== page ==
Consistent linking is important for getting good rankings and therefore free and organic traffic from Google. Consistent links show that your site is well-liked by users, and it also shows that your site is relevant.
Want to know a secret? You can use consistent linking to tell Google that your site is well-liked by users, even when nobody knows about it. But how do you do that?
By simulating the traffic and link patterns of a site that’s getting links organically—even if yours isn’t!
A site that gets links “naturally” will get some links when if first comes on the scene. Then every time it adds content, if people like it, it will get a few more. Then the new link rate slacks off a bit until new content shows up and it gets a little more link love. And on and on and…you get the picture.
Google is a smart little black box and it pays attention to what’s happening with your site. It sees the rhythm, understands what it means, and shows you its love in the rankings. You’ll get an A+ on your Google report card and you’ll get good traffic.
However, Google isn’t so smart that it can’t be fooled, more on that in a minute.
Many people who buy links don’t do it the smart way. They get a steady stream of incoming links. Well, this can look a little funny. Steady links aren’t natural; they’re not the way things work organically. So it doesn’t hurt to vary how many links you have coming in to your site from week to week. Some weeks you may actually want to have fewer links. A good time to buy or otherwise create more is when you add new content, because that fits the pattern of what Google knows about organically linked-to sites.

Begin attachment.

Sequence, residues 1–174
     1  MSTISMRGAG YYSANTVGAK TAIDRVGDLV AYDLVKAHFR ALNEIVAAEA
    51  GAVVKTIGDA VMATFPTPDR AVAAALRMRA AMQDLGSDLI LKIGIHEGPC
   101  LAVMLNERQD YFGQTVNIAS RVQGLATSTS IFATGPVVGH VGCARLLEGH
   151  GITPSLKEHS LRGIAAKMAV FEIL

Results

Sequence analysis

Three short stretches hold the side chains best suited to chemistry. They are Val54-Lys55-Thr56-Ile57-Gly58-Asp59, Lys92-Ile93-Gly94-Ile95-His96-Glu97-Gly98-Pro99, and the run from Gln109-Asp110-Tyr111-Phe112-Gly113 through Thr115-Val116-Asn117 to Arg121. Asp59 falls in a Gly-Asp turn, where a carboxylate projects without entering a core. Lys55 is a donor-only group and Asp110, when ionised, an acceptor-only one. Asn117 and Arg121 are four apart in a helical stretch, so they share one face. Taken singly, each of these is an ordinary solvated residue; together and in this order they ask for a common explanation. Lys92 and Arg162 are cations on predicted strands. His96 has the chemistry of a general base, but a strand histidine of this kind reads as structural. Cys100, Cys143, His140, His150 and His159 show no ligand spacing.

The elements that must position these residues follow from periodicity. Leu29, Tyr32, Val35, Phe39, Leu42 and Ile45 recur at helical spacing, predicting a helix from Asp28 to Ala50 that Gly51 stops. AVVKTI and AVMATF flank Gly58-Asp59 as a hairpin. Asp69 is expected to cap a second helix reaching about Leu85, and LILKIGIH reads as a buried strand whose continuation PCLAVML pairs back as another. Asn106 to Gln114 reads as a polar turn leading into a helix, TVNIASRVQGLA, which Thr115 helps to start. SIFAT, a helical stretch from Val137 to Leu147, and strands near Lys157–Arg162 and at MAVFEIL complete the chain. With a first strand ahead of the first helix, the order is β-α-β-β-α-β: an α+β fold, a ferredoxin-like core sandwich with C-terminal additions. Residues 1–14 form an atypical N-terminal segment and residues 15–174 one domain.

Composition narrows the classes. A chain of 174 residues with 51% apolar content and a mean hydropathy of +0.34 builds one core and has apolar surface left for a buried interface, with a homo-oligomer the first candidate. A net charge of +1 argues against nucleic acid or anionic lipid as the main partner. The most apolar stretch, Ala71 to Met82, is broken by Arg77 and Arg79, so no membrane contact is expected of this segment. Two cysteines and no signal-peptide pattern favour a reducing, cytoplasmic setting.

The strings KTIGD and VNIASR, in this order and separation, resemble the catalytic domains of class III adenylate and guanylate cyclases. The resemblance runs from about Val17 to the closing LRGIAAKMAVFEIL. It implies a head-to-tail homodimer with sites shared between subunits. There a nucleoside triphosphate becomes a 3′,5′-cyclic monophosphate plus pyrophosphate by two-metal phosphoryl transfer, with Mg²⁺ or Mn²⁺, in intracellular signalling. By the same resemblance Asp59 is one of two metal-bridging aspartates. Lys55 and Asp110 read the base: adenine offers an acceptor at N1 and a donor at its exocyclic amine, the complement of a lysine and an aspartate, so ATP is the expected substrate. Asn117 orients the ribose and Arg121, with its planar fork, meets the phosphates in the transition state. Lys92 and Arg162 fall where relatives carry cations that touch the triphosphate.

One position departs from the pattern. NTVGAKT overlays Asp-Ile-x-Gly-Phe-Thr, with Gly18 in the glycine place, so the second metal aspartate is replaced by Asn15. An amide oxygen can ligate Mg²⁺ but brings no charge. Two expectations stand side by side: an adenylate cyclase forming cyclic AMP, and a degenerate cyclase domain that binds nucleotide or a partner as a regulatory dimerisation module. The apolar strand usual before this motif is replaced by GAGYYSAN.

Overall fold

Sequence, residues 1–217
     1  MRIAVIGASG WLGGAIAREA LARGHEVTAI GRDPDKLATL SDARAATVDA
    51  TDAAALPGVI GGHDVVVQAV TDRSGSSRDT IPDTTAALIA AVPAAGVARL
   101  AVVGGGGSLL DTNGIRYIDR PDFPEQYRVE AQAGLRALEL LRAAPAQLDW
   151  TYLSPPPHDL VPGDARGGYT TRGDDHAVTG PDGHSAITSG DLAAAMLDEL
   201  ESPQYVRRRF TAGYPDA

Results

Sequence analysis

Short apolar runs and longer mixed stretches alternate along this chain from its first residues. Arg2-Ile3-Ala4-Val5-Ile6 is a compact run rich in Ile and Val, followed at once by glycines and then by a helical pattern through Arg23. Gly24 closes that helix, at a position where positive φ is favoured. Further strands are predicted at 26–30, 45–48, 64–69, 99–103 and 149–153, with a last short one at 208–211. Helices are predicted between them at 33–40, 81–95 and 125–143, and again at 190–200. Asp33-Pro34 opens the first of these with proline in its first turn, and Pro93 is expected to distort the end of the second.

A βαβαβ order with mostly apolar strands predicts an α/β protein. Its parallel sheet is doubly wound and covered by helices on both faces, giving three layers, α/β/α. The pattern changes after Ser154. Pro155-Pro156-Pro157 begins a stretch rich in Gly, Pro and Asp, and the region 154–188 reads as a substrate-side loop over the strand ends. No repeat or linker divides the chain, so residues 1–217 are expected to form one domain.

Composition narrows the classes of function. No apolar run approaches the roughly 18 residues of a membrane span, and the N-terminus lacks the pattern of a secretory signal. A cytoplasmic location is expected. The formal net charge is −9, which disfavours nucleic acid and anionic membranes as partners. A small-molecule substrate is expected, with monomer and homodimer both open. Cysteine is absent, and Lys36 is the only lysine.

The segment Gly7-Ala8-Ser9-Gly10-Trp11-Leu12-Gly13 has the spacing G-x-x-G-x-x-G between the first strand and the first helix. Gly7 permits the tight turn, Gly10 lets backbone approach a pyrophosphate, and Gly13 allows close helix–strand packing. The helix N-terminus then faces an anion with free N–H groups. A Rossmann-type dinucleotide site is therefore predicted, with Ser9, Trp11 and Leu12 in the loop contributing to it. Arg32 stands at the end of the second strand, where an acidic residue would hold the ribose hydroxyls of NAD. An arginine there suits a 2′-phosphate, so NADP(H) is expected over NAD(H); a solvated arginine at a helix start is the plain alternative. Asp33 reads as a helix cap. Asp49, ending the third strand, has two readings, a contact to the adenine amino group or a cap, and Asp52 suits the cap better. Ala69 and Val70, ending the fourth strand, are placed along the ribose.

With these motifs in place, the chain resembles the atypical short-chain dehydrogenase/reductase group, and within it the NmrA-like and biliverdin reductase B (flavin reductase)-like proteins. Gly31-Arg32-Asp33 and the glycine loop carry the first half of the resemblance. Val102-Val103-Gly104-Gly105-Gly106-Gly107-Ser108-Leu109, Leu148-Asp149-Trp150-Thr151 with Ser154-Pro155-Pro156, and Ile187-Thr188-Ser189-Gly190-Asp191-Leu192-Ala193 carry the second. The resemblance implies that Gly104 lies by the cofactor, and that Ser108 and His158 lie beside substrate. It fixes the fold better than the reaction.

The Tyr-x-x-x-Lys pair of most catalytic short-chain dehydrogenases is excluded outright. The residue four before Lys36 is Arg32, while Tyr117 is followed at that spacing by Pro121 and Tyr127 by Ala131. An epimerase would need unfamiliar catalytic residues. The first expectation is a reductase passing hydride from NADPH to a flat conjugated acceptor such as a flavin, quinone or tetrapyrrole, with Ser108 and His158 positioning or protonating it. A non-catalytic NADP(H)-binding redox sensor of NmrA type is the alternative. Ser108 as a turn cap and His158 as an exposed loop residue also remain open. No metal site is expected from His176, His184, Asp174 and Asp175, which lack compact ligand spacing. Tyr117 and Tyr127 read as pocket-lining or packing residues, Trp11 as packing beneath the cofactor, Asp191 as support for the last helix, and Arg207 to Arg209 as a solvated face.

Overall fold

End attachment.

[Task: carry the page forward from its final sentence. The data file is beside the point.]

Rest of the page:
What doesn’t look good is when you decide that you’re paying too much for links, or don’t need them anymore because you’ve got a good ranking now, and so decide to drop them. This isn’t going to help you at all. As soon as everybody’s favorite search engine sees this massive drop-off in link love, it’s going to know exactly what’s been going on. And it’s not going to be very happy.
This can also happen with social bookmarking links, when you’ve depended heavily on creating those kinds of links in order to get noticed and loved by Google (and the other search engines. Yes, they do still exist. They’re just not nearly as important as Google is, these days.)
Now if you want to just let your site die, that’s another thing entirely. But you might want to remove any links on your tanked site, that link to other sites you’re still giving attention to. After all, you’re about to put your tanked site into the realm of “bad neighborhoods.” It’s not certain that any site you link to from it will be put in the same category—but why take that risk?